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‘French troops may begin Afghan withdrawal in 2011’

In Uncategorized on October 28, 2010 at 7:40 am

French and some allied NATO armies could begin to withdraw some of their forces from the conflict in Afghanistan as early as 2011, Defence Minister Herve Morin said Thursday.

French soldiers patrol in Surobi district in September 2010.

“There’s a fixed date for NATO in the framework of its new strategy, that’s the start of 2011, because in 2011 we’re going to transfer a whole series of districts to the Afghans,” he told RTL radio.

“At that moment, there could be the first movements, or first withdrawals of Allied forces from Afghanistan. In any case, that’s the calendar set by Barack Obama, that in 2011 the first American troops could quit Afghanistan.

“And that’s what a certain number of European countries have started to say,” he explained, insisting that this has nothing to do with a threat issued against France on Thursday by Islamist militant chief Osama bin Laden.

Source: SGGP

Environmental inspectors begin work on Hanoi’s golf courses

In Uncategorized on August 5, 2010 at 11:19 am

Dong Mo Golf Course. (Photo: Hanoi Moi)

Inspectors from the Ministry of Natural Resources and Environment started their examinations of several golf course projects in Hanoi on August 4.

They will check and adjust the environmental, land, and water resource protection of the firms, which manage 19 golf courses in Hanoi.

The ministry will also inspect golf course projects in Hai Duong, Hai Phong, Ninh Binh, and Hoa Binh provinces.

Source: SGGP

Young intellectuals begin volunteer season

In Uncategorized on July 20, 2010 at 11:20 am

Around 100 young intellectuals from schools and research institutes in Ho Chi Minh City have joined the volunteer program to help farmers and workers from July 17 to August 20.

Volunteers of  Rad Vacation provide gratis examination to the disadvantaged people in the Mekong delta province of Long An’s  Can Duoc district (Photo: SGGP)

This is the first time the month-long volunteer campaign for educated persons has been launched by the Youth Scientific and Technological Promotion Center, part of the Ho Chi Minh Communist Youth Union.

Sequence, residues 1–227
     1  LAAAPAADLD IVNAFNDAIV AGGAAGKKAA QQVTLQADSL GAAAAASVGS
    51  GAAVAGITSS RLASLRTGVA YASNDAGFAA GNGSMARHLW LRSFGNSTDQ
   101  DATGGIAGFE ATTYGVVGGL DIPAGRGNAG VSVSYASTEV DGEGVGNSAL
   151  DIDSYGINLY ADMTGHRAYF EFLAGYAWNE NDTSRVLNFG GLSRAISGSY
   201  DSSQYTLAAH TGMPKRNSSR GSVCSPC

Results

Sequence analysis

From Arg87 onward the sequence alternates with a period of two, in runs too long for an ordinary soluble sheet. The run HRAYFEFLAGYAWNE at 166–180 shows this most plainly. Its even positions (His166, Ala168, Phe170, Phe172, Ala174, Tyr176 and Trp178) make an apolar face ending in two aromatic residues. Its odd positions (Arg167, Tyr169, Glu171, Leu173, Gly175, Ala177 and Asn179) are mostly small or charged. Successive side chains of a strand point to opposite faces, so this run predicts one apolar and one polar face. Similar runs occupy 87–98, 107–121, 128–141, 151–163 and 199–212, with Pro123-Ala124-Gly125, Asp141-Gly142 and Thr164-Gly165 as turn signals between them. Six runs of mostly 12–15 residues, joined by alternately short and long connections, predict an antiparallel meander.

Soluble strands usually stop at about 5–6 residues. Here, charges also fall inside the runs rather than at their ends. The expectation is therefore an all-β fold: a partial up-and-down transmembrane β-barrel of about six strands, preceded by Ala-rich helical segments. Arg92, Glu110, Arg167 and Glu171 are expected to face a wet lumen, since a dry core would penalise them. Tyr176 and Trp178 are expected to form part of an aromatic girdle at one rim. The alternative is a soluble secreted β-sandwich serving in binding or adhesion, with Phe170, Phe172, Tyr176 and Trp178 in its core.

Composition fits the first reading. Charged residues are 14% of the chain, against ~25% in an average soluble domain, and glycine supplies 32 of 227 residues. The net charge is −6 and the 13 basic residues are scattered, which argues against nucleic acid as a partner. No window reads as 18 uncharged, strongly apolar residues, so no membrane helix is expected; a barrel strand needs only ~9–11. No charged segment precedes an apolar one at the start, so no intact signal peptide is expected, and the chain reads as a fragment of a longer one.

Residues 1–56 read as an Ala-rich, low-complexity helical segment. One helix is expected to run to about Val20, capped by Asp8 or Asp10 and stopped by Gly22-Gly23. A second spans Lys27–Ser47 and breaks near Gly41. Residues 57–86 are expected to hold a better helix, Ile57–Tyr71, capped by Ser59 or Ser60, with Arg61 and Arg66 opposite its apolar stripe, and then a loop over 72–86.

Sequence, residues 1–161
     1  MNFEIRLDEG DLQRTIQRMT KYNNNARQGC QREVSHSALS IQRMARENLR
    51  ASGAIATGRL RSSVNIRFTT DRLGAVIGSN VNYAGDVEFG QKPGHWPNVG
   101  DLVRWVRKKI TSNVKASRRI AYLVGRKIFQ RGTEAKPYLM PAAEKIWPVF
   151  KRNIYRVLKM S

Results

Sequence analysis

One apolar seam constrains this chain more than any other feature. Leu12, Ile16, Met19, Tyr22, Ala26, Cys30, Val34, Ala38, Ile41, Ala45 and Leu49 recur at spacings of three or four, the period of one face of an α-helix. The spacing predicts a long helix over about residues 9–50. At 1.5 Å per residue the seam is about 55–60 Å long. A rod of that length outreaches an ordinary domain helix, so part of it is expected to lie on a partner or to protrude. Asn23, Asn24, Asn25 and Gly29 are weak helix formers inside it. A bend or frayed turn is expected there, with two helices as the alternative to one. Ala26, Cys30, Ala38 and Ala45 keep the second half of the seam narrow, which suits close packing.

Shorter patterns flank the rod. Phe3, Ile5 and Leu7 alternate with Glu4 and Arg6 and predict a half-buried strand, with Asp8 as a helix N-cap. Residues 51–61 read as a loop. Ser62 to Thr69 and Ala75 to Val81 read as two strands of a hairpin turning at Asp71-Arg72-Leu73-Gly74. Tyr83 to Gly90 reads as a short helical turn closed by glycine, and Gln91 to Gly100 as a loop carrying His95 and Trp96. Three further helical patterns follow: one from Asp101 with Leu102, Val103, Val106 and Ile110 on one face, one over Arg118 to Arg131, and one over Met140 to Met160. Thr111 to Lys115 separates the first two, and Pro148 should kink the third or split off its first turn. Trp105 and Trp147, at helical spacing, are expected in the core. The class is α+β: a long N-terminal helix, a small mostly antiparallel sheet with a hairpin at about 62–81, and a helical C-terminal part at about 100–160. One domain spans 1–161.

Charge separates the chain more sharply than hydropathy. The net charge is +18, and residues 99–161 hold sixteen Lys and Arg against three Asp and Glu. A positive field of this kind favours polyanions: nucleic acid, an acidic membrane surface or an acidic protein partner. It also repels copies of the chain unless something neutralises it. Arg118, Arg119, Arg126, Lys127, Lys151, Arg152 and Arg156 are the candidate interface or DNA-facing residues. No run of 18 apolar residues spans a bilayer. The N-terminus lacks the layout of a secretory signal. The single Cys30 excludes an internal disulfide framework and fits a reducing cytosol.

Volunteers offered flowers to the statue of Ho Chi Minh president in front of the city People’s Committee on July 17.

Afterward, they will give consultancies on administrative reform to young people in district 11, transfer techniques on dying cloths to workers and engineers of Gia Dinh Textile Company and instruct farmers in Can Gio district on breeding aquatic animals.

In a related news report, on July 17 another volunteer campaign, “Ky nghi hong” (Red Vacation), held by the city’s Committee of the Ho Chi Minh Communist Youth Union, revisited an old wartime base in Can Duoc district of the Mekong delta province of Long An.

Volunteers there provided free medical exams and medications to 1,500 locals as well as donated 3,000 notebooks to poor pupils, one house to a family that served the revolutionary cause and 100 gifts to meager income families.

Meanwhile, nearly 150 members of the Communist Youth Union and young workers from industrial parks, Vietnam Electricity Construction Joint Stock Corporation and the National Academy of Politics and Public Administration, are building concrete alleys and helping repair residents’ houses in Da Nang.

Source: SGGP

Southern youth begin summer voluntary campaigns

In Uncategorized on June 7, 2010 at 10:23 am

Over 2,000 students gathered June 6 at Le Van Tam Park to attend a ceremony commencing a voluntary campaign titled, Hoa Phuong do (red flamboyant), to take place this summer.

Volunteer HCMC youths participate in the 2010 Hoa Phuong Do Campaign

This year, nearly 15,000 youths will participate in practical activities like propagandizing to become more enlightened about social and environmental issues, organizing summer activities for children at compassion houses.

The youth will also provide bicycles, schoolbooks and school supplies to poor students, visit and give gifts to families under State preferential treatment policies as well as to the elderly who live alone.

The same day, Vinh Long Province Committee of HCM Communist Youth Union hosted a ceremony to begin 2010 summer voluntary campaign with the attendance of over 1,000 youths.

With the theme “The youth together with poor communes to overcome difficulties,” the campaign will focus on activities for social security, assisting families under preferential treatment policy, aiding the poor and protecting environment.

Over 3,000 of the Communist Youth Union members in Can Tho City gathered to begin the 2010 voluntary summer campaign including helping students due to take the upcoming the national university exam.

The voluntary campaign has also begun in Dong Thap Province, featuring activities like building compassion houses, offering gifts and taking care of families under preferential treatment policy.